doctor sleep

Photos Courtesy of Intrepid Pictures, Vertigo Entertainment, and Warner Bros. Pictures.

There’s a lot to unpack here. Not just the immense pressure in creating a sequel to “The Shining,” but the novel “Doctor Sleep” itself is quite long and covers a large swath of Danny Torrence’s life. It’s a testament, then, to the pure skill of everyone involved that “Doctor Sleep” is anything but a dull boy.

Ewan McGregor’s (“Big Fish,” “Trainspotting”) performance here is one to be rivaled. There’s a worn warmth to this older Danny that he embodies so well. He clearly cares about those around him and has so many demons all locked up to try and have a normal life for himself. The arcs and motivations, as well as the broad strokes and changes in the third act never take away from the immense character work McGregor delivers, turning out a performance to beat.

Likewise, Kyliegh Curran, in her major debut, shows exactly why she should be watched in future years. There’s an equal parts determination and childlike innocence to her fascination with the Shining. She’s the perfect parallel to Danny, somehow still seeking out the wonder and good that can be done with their powers.

Meanwhile, Rebecca Ferguson (“Mission Impossible: Rogue Nation,” “Florence Foster Jenkins”) is a delicious antagonist who sulks through the scenery and builds her anticipation. Note, she isn’t villainous, as she maintains a level of calmness and intensity that allows her to become menacing without ever taking the title of “evil villain.”

Her group of energy vampires are wondrous as well, as is the rest of the supporting cast. Particular standouts are Emily Alyn Lind (“Won’t Back Down,” “Lights Out”) as Snakebite Andi, a character whose screen time is limited but makes her mark quickly and effectively, Carl Lumbly ("How Stella Got Her Groove Back," "A Cure for Wellness"), taking over the role of Dick Halloran from Scatman Crothers, and Danny’s friend Billy, played by Cliff Curtis (“The Majestic,” “Sunshine”), a kind soul who makes a mark of warmth and normalcy on Danny’s life and the film.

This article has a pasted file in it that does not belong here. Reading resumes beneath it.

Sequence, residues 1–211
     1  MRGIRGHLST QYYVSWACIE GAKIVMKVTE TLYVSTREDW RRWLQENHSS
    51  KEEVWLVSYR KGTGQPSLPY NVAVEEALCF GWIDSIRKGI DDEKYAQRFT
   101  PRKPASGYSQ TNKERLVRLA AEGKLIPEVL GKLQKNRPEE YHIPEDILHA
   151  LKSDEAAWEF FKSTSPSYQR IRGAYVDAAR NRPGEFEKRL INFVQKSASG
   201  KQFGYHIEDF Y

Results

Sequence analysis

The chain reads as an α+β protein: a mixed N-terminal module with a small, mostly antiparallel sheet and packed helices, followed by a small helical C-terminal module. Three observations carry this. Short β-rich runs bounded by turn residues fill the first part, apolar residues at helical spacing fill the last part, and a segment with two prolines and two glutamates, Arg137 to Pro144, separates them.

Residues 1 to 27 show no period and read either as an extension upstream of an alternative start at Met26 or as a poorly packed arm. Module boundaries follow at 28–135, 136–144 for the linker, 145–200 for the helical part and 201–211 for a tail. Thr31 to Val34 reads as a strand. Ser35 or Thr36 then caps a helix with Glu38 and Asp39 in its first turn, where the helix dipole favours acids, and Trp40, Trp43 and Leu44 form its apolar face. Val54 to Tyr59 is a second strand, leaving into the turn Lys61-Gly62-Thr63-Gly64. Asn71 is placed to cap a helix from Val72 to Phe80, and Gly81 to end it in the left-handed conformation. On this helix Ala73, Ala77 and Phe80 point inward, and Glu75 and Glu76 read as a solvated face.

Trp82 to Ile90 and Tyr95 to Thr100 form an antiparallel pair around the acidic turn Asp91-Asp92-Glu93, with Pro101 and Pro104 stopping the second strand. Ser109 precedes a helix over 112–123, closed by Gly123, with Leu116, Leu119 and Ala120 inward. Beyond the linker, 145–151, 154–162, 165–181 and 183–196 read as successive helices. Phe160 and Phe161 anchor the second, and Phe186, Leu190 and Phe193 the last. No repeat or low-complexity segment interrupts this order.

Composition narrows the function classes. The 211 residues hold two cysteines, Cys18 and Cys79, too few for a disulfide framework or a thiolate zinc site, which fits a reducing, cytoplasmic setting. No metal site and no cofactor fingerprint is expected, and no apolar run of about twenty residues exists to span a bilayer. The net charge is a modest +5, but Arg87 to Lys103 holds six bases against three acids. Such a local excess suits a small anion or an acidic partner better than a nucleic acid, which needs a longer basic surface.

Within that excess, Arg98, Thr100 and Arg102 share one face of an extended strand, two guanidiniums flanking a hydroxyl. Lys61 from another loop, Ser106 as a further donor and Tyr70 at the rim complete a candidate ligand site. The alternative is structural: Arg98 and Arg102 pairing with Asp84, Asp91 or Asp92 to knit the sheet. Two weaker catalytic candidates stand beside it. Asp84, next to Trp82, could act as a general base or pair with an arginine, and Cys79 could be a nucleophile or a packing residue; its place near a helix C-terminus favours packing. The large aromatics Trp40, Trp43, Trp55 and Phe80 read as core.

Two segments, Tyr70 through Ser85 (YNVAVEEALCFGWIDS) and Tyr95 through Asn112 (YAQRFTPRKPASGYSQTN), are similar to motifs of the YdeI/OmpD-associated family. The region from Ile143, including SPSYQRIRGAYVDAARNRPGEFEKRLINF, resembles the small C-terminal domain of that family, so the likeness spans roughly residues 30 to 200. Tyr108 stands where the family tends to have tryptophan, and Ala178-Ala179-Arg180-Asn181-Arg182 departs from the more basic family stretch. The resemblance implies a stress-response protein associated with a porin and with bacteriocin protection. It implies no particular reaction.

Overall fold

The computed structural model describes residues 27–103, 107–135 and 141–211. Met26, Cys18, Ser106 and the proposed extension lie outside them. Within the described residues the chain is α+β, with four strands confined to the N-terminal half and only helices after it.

Writer/Director Mike Flanagan (“Hush,” “The Haunting of Hill House”) continues to show impressive work thanks to an excellent control of space and lighting. Multiple sequences jump between enclosed spaces like bathrooms, bedrooms and kitchens to wide open spaces like forests and town squares. This also ties into the film’s heavy usage of doors and the framing of them, as entrances and exits, nothing in between. It’s clearly purposeful, and cinematographer Michael Fimognari (“The Haunting of Hill House,” “Fast Color”) uses these juxtapositions to build the two types of Shiners who exist in this world.

Here comes the elephant in the room though; this film, while based on the sequel novel written by Stephen King, is a sequel to “The Shining;” one of the most beloved films of all time, period. There’s a lot of pressure riding on this film, and Flanagan’s expert control of character work helps the story avoid falling into disrepair.

Virtually every story moment or major decision is punctuated with moments of intense thought and consideration. This is fantastic, because not only does it allow for true time to be taken getting to know the inner machinations of this world and characters, but it means that when those moments are taken away, they’re even more jarring and upsetting.

Huge amounts of time are spent just watching Danny live his life, get back on his feet, and learn to use his powers for good and comfort. While this might appear boring, Flanagan slowly reveals that, in order to show the differences and lengths between Danny, Abra and the others, these distinct differences, large and small, must be shown.

This does lead to a fairly long run time, and a pace that might be slower than most would like, but “Doctor Sleep” uses its deliberately slow pace very effectively, building an atmosphere of dread and unease, rather than deliberate horror.

Thankfully, it keeps that in common with the previous film. “Annabelle,” this is not, there is nary a single jump scare in the film, allowing the surprises, twists, and expertly crafted atmosphere to stretch out and breath, creating the horror naturally through the world itself.

It does rely heavily on “The Shining,” a bit too much for some people’s liking. But each moment spent back in the Overlook, or each reused shot feels deliberate and purposeful. Yes, it might be aping a shot or moment from the first film, but the ways that Flanagan, who also edited the film, utilize these moments feel like they couldn’t have existed in any other way. It’s not copying, its deliberate tribute.

“Doctor Sleep” is masterful, incredibly creepy, and an intensely watchable movie-going experience. It’s deep character works and wondrous performances, as well as some phenomenal cinematography make this an unmissable cinema experience. Whether you’ve been to the Overlook before or not, you shouldn’t miss this appointment with “Doctor Sleep.” 5/5

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